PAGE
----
Memphis City Schools superintendent Kriner Cash has resigned from his position, according to multiple media reports. At a specially called meeting of the countywide school board, Cash said he had “great sadness and hope and encouragement for what I’ve often said has become the second love of my life,” according to a Memphis Daily News report. The board approved Cash’s resignation which keeps him on in an advisory role through July. He will be paid his normal salary until then and will receive six more months salary and $17,000 in moving and legal expenses as part of his severance.
Attorneys for six suburban Shelby County municipalities filed their final arguments late Thursday for why a federal judge should uphold two laws that would lift the statewide ban on new municipal or special school districts after this summer’s expected completion of the merger of Memphis City Schools with Shelby County Schools. The 20-page brief from the Burch Porter & Johnson law firm representing the suburbs in litigation over the future of Shelby County’s public schools joins a nine-page brief filed earlier this week by the state, which is aligned with the suburbs as defendants.
Change is nothing new for parents when it comes to education. School attendance zone boundaries change as schools fill up or empty out. Teachers and principals who make a difference retire or move. Schools get new programs with teachers and leaders coming in who start to make a difference. Given that constant turmoil, it is a wonder there haven’t been more rumors about the coming merger of Shelby County’s two public school systems in August 2013. But less than eight months from the opening of the merged school district in early August 2013, parents should have more answers in the way of decisions by the school board and a single superintendent should be calling the shots.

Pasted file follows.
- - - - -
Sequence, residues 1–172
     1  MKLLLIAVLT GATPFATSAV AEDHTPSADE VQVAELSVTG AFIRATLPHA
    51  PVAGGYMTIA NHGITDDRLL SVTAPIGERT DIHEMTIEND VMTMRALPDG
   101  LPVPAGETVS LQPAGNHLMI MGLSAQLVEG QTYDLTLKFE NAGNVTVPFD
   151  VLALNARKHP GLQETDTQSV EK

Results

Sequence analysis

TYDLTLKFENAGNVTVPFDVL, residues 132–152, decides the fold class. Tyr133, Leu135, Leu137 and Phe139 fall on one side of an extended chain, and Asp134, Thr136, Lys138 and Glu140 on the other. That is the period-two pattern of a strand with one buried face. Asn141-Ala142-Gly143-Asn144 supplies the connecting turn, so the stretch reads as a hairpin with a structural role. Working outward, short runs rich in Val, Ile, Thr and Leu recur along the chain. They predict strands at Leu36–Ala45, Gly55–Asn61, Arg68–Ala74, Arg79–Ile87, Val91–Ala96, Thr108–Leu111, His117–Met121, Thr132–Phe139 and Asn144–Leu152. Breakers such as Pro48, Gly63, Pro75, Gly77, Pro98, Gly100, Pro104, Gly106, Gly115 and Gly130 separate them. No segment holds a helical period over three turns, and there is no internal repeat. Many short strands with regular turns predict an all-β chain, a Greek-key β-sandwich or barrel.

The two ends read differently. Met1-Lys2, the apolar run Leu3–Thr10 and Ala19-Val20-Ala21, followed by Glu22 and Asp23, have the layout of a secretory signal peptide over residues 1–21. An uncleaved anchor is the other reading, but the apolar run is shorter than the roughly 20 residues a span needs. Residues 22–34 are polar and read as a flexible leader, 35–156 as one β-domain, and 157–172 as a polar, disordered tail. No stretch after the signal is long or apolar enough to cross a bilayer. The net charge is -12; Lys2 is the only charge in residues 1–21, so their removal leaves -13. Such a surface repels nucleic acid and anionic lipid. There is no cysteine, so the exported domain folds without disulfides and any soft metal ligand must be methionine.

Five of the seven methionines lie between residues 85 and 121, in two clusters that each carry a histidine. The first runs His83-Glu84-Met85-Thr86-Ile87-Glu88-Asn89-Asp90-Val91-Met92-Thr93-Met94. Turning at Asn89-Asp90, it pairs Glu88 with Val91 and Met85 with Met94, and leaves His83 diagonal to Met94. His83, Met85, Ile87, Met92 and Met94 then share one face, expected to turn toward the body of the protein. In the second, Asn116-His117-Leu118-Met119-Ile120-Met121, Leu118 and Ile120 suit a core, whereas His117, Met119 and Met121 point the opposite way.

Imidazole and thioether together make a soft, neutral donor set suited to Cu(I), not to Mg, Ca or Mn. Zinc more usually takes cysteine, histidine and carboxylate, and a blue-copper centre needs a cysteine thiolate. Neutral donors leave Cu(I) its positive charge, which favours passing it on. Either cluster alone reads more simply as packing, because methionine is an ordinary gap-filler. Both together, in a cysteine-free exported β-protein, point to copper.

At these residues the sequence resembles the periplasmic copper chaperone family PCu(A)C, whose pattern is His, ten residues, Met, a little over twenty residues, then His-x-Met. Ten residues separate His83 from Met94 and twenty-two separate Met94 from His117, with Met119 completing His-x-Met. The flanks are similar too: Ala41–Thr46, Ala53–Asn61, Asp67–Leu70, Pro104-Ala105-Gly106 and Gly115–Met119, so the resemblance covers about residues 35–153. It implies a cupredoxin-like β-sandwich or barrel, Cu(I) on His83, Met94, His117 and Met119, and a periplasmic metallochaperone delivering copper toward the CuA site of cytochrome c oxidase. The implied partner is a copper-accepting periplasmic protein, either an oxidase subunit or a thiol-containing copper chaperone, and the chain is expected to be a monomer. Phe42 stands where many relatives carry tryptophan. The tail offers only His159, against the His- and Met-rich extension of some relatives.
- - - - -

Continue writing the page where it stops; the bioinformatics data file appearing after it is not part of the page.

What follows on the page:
Clarksville-Montgomery County School System officials announced in a press conference Friday morning that armed off-duty city and county law enforcement officers will be stationed in all elementary schools for the spring semester beginning this month. The $140,000 safety measure will run through the end of the spring semester while officials wait to see if the Tennessee or federal governments implement other safety programs, according to Director of Schools B.J. Worthington.
The hypocrisy of the Democratic lawmakers in the Tennessee General Assembly is stunning. After less than one week in session, Democrats in the state House and Senate have called on Republican lawmakers to enact stricter rules regarding government transparency and get state government out of local decision making. Those ideas are needed now — and were needed even more when the Democrats controlled state government. Of course, when Democrats controlled the state legislature and governor’s mansion, they weren’t interested in open government and local autonomy. The Democrats’ “it’s good for thee, but not for me” attitude is evident by simply looking back a few years.
The mess in the Tennessee Department of Children’s Services has reached a boiling point. The agency can no longer hide behind confidentiality when children’s lives are being lost with little accountability and virtually no information about what happened and what role DCS played in these children’s tragic lives and deaths. DCS must turn over detailed information so competent analysis and adequate resources can brought to bear on department operations. For months, state lawmakers have been requesting information from DCS on child deaths that occurred either while they were in state custody or where the children had been involved with DCS in the past. Since 2009, 151 children connected to DCS have died. Requests for information about the deaths have been met by stonewalling from DCS officials who have argued they cannot release the information because of confidentiality requirements.